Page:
IDEAS home Printed from
MyIDEAS: Log in (now much improved!) to save this paper

Can public employment subsidies render the German construction sector weather proof?

Listed author(s):
  • Melanie Arntz
  • Ralf Wilke

In order to confine excessive levels of temporary layoffs, US firms are taxed - albeit incompletely - according to the unemployment insurance benefits claimed by their laid off workers. In contrast, German construction firms are not charged according to their layoff history and should thus have much higher layoff incentives. However, in case of a weather-induced shortfall of work, a firm's workforce is eligible for a partial subsidy to their employment costs. The level of this subsidy was subject to several reforms throughout the 1990s which provides a unique opportunity for examining the empirical link between layoff incentives and layoff rates. Our analysis is based on large individual administrative data merged with information about local weather conditions and the business cycle. We observe economically plausible effects: the higher the subsidy to employment costs, the less layoffs occur and the less weather-dependent is employment.

If you experience problems downloading a file, check if you have the proper application to view it first. In case of further problems read the IDEAS help page. Note that these files are not on the IDEAS site. Please be patient as the files may be large.

File URL:
Download Restriction: no

Paper provided by University of Nottingham, School of Economics in its series Discussion Papers with number 09/06.

in new window

Date of creation:
Handle: RePEc:not:notecp:09/06
Contact details of provider: Postal:
School of Economics University of Nottingham University Park Nottingham NG7 2RD

Phone: (44) 0115 951 5620
Fax: (0115) 951 4159
Web page:

More information through EDIRC

References listed on IDEAS
Please report citation or reference errors to , or , if you are the registered author of the cited work, log in to your RePEc Author Service profile, click on "citations" and make appropriate adjustments.:

in new window

  1. Samuel Bentolila & Giuseppe Bertola, 1990. "Firing Costs and Labour Demand: How Bad is Eurosclerosis?," Review of Economic Studies, Oxford University Press, vol. 57(3), pages 381-402.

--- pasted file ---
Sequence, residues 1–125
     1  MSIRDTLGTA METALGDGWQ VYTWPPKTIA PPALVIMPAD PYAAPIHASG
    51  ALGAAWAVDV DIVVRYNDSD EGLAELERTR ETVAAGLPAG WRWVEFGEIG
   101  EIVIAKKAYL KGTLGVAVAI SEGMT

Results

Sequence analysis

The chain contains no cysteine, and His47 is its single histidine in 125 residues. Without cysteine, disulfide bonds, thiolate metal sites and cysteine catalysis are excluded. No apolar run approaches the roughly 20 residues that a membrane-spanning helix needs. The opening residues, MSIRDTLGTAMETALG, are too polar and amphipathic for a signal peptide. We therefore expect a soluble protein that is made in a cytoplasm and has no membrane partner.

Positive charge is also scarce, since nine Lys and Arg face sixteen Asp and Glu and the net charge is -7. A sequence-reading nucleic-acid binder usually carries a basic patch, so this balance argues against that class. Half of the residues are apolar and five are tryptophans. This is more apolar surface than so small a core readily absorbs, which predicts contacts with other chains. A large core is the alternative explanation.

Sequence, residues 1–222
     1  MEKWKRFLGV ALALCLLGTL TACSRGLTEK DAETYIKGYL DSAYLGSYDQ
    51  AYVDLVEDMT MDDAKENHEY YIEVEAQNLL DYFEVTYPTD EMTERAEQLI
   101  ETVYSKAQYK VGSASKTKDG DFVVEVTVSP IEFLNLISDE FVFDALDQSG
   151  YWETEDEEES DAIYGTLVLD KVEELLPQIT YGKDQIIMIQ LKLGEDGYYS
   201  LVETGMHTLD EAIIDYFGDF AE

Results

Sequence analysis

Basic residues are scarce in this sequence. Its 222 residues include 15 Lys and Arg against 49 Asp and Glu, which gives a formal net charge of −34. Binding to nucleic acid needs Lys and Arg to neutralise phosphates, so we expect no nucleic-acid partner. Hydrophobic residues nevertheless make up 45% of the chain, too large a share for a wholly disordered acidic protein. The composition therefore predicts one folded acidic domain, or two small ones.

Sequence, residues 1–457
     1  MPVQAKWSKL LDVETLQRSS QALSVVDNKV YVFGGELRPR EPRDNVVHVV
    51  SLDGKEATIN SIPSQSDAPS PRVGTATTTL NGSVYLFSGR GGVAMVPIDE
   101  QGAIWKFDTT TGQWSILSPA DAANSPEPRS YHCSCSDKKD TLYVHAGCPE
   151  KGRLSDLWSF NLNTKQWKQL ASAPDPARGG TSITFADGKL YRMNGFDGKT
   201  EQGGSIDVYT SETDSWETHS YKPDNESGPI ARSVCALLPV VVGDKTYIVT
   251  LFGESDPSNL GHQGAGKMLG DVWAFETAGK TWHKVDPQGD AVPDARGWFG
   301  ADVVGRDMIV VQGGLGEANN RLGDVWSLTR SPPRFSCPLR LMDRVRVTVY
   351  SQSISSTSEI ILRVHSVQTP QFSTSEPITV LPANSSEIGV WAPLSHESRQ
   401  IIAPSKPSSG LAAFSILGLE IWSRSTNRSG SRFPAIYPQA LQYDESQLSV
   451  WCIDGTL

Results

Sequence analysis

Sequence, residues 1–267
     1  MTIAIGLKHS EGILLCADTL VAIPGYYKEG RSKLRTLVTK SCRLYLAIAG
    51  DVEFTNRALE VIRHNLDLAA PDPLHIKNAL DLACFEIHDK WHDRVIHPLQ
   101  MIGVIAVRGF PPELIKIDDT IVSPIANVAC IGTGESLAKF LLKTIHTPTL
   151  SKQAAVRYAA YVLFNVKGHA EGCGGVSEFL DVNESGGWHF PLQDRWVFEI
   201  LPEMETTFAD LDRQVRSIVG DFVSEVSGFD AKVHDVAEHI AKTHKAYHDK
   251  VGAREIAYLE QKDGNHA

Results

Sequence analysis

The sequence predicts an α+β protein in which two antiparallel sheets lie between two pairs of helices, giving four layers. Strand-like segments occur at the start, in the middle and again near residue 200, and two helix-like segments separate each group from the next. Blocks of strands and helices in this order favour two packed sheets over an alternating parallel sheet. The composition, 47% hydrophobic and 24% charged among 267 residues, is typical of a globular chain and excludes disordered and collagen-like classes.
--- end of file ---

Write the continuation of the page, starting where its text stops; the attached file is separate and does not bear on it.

2. Grady, Patrick & Kapsalis, Constantine, 2002. "The Approach to Seasonal Unemployment in the Nordic Countries: A Comparison with Canada," MPRA Paper 2991, University Library of Munich, Germany.
  3. repec:iab:iabmit:v:28:i:2:p:171-194 is not listed on IDEAS
  4. Feldstein, Martin S, 1976. "Temporary Layoffs in the Theory of Unemployment," Journal of Political Economy, University of Chicago Press, vol. 84(5), pages 937-957, October.
  5. Roed, Knut & Nordberg, Morten, 2003. "Temporary layoffs and the duration of unemployment," Labour Economics, Elsevier, vol. 10(3), pages 381-398, June.
  6. Card, David & Levine, Phillip B., 1994. "Unemployment insurance taxes and the cyclical and seasonal properties of unemployment," Journal of Public Economics, Elsevier, vol. 53(1), pages 1-29, January.
  7. Solomou, S. & Wu, W., 1997. "The Impact of Weather on the Construction Sector Output Variations, 1955-1989," Cambridge Working Papers in Economics 9722, Faculty of Economics, University of Cambridge.
  8. S. Jurajda, 2004. "Recalls and unemployment insurance taxes," Applied Economics Letters, Taylor & Francis Journals, vol. 11(10), pages 651-656.
Full references (including those not matched with items on IDEAS)

This item is not listed on Wikipedia, on a reading list or among the top items on IDEAS.

When requesting a correction, please mention this item's handle: RePEc:not:notecp:09/06. See general information about how to correct material in RePEc.

For technical questions regarding this item, or to correct its authors, title, abstract, bibliographic or download information, contact: ()

If you have authored this item and are not yet registered with RePEc, we encourage you to do it here. This allows to link your profile to this item. It also allows you to accept potential citations to this item that we are uncertain about.

If references are entirely missing, you can add them using this form.

If the full references list an item that is present in RePEc, but the system did not link to it, you can help with this form.

If you know of missing items citing this one, you can help us creating those links by adding the relevant references in the same way as above, for each refering item. If you are a registered author of this item, you may also want to check the "citations" tab in your profile, as there may be some citations waiting for confirmation.

Please note that corrections may take a couple of weeks to filter through the various RePEc services.

This information is provided to you by IDEAS at the Research Division of the Federal Reserve Bank of St. Louis using RePEc data.